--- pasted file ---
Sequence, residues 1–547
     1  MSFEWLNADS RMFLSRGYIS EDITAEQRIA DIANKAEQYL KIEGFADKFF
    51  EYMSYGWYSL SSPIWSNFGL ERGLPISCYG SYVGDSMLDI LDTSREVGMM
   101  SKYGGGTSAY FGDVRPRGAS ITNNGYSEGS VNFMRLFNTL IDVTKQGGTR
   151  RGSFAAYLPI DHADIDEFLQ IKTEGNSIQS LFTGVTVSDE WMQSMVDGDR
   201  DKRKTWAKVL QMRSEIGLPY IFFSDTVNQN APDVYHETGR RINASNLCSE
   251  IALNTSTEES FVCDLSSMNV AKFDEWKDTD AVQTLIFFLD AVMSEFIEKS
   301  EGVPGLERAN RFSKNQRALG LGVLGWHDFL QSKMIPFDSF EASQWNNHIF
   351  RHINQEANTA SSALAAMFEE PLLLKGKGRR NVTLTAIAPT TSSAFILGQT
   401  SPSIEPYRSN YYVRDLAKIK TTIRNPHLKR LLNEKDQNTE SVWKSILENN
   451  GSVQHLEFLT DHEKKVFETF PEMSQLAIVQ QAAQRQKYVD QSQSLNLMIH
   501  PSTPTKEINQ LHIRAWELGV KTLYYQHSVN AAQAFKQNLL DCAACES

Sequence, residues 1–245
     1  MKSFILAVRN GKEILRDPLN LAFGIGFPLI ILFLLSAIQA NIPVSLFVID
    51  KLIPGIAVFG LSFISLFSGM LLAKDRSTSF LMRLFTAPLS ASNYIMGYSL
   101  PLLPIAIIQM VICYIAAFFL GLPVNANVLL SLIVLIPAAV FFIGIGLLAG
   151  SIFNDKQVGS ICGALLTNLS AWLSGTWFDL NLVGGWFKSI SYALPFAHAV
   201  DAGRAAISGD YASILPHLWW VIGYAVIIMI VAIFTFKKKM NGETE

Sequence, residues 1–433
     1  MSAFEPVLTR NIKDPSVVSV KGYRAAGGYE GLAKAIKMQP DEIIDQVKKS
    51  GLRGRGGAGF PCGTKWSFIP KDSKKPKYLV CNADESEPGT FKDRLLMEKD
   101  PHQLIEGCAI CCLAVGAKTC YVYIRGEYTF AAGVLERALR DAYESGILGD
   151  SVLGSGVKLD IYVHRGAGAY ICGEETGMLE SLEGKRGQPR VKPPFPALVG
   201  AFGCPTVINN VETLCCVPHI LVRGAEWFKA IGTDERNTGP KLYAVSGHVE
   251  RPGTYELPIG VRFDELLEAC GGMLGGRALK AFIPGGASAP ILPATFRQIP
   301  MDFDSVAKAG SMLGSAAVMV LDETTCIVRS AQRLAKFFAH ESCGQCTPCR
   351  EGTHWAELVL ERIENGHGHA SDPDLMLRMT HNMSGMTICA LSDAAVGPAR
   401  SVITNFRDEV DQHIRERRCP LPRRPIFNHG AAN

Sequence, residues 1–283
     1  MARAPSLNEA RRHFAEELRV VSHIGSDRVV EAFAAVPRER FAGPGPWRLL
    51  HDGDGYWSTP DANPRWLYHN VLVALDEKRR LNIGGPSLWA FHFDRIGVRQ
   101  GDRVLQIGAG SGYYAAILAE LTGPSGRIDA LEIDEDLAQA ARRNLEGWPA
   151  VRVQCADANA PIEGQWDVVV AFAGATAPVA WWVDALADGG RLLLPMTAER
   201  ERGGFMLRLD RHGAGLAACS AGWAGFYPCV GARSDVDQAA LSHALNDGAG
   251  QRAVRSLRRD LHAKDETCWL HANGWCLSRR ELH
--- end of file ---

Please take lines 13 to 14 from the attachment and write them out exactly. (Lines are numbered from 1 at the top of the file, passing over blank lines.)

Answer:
Sequence, residues 1–245
     1  MKSFILAVRN GKEILRDPLN LAFGIGFPLI ILFLLSAIQA NIPVSLFVID